2006 Baseball Hall of Fame Ballot
Travis Nelson -
Boy of Summer

If Travis Nelson had a Hall of Fame Ballot...

In the Yard:

ALBERT BELLE: Belle will have a lot more trouble convincing the baseball writers of his Cooperstown worthiness than he
does convincing me, mostly because he never threw a baseball atone of my co-workers.  Belle was nothing if not surly, but
that shouldn't factor into whether or not he gets a plaque in the national Baseball Hall of Fame.  He was consistently one of the
best hitters in the league for a decade and he should have gotten more support in the MVP voting. He was every bit as good as
Frank Thomas in 1994 and Juan Gonzalez in 1996, and he was better than Mo Vaughn (or anyone else, for that matter) in
1995, but lost votes due to his contentious nature and fiery relationship with the news media.  A degenerative hip condition
ended his career at age 33, but Kirby Puckett suffered the same fate due to glaucoma, and the BBWAA let him in on his first
attempt.    

BERT "Be Home" BLYLEVEN: Besides having one of the best Bermanisms ever, this guy was a heck of a good pitcher.
Blyleven’s ERA was better than the league and park-adjusted average in 16 of the 18 seasons in which he pitched enough to
qualify for the ERA title. The man started pitching in the majors at age 19, and for a decade he averaged well over than 200
innings per season and had an ERA at least 8% better than the adjusted league average every year.  In 1980, at age 29, his
3.82 ERA was about 5% below average, but then he didn't have another below average adjusted ERA in a season in which he
was healthy until age 37.  For his career, his adjusted ERA  of 118 (18% better than average) is better than Hall of Famers
Robin Roberts, Gaylord Perry, Fergie Jenkins, Steve Carlton, Don Sutton, Phil Niekro, Early Wynn, Pud Galvin, Mickey Welch,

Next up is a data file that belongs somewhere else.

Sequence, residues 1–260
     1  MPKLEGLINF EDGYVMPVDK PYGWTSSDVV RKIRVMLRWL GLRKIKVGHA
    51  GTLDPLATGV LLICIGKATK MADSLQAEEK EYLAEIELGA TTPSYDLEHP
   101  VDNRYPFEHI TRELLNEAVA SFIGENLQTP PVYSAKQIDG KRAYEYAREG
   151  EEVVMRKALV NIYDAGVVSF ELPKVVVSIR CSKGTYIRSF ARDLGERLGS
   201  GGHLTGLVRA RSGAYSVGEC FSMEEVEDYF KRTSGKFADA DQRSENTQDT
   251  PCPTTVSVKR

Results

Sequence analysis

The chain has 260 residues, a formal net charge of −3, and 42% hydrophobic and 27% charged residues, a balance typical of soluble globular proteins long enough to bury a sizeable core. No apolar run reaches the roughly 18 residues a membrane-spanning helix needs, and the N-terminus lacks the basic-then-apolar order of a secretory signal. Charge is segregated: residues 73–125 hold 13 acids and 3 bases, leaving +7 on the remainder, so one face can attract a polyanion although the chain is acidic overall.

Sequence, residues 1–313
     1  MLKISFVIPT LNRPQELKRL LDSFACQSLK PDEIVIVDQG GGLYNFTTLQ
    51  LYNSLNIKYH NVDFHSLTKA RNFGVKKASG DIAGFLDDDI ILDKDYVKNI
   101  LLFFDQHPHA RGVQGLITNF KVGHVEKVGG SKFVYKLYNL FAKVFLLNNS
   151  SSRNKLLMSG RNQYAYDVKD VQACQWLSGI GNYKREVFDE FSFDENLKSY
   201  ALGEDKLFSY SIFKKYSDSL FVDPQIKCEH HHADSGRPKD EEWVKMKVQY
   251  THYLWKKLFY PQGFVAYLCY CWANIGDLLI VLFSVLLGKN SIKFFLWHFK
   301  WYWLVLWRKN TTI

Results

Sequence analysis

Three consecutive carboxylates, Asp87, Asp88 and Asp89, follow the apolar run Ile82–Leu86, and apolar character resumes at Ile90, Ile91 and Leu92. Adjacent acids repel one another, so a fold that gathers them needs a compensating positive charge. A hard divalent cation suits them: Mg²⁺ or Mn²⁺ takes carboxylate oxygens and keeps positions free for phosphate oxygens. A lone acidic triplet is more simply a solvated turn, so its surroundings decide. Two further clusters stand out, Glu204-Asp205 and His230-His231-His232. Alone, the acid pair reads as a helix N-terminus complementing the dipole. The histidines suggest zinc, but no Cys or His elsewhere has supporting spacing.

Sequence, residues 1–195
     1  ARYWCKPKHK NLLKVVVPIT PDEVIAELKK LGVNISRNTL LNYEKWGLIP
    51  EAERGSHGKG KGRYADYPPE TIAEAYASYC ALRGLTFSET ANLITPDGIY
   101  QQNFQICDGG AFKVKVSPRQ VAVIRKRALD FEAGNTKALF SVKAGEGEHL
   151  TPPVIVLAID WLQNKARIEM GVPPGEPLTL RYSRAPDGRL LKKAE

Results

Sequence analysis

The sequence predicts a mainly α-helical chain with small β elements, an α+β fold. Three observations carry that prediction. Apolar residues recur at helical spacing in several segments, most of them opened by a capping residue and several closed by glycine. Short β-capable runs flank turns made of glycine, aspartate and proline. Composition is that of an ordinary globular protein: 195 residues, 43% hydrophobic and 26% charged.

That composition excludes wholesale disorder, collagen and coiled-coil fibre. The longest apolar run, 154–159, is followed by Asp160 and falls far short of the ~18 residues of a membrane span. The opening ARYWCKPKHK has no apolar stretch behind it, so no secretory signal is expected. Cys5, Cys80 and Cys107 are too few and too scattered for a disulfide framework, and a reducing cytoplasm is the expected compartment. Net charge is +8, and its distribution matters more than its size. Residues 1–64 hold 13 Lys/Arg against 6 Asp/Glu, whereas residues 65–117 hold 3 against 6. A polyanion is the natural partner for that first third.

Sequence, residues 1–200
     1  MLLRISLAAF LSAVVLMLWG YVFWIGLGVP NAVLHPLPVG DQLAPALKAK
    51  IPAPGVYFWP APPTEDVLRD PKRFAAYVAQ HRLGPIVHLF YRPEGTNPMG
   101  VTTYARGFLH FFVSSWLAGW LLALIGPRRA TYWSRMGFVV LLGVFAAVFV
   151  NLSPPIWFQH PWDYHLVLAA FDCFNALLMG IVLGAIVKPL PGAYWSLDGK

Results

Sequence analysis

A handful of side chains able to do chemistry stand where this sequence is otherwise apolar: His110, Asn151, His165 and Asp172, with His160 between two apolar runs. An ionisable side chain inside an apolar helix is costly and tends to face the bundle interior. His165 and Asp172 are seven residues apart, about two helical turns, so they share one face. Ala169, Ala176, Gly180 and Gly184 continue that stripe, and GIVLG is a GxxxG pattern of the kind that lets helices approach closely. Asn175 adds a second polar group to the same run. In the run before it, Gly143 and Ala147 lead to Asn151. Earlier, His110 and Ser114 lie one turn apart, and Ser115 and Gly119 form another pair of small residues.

Eppa Rixey, Red Ruffing, Burleigh Grimes, Waite Hoyt, Jim Bunning, Herb Pennock, Catfish Hunter, Rube Marquard, Dennis
Eckersly, Jesse Haines, Chief Bender, and Jack Chesbro, and is equal to that of Hall of Famers Ted Lyons, Vic Willis and
Warren Spahn.  Red Faber, Bob Lemon and Rollie Fingers, at 19% above average, were statistically indistinguishable from
Blyleven in this regard.  Did you get that?  
When it came to preventing runs, a pitcher's foremost responsibility, Blyleven was as
good as or better than 28 of the 60 pitchers who are already enshrined in Cooperstown.
 (I excluded Babe Ruth, John Ward
and Bobby Wallace, who were mostly enshrined for accomplishments other than pitching.)   

Only twelve guys faced more batters in their careers, and they’re all in the Hall. Only four have ever struck out more of them,
and they will all be in the Hall. In the 20th century, only Tommy John, who had the benefit of good teams and pitchers’ parks,
has more wins and is not or will not likely be in the Hall, and he’s only got
one more win.  With the benefit of hindsight and new
tools for evaluating players, we now know that Blyleven's career Wins totals and non-adjusted ERA suffered due to his
circumstances, not his talent.  Put Blyleven on the Los Angeles Dodgers for most of his career and he wins 300+ games with
an ERA under 3.00 and the BBWAA carries him into Cooperstown on their shoulders, like Sean Astin in "
Rudy".  Instead,
having pitched in Minnesota and Cleveland for much of his career, he gets his case pled by a bunch of numbers geeks with no
mainstream credibility, like Rick Moranis in "
Ghostbusters II".  

RICH GOSSAGE: Gossage's closest comparison is Rollie Fingers, who was elected to the Hall of Fame in 1992, his third year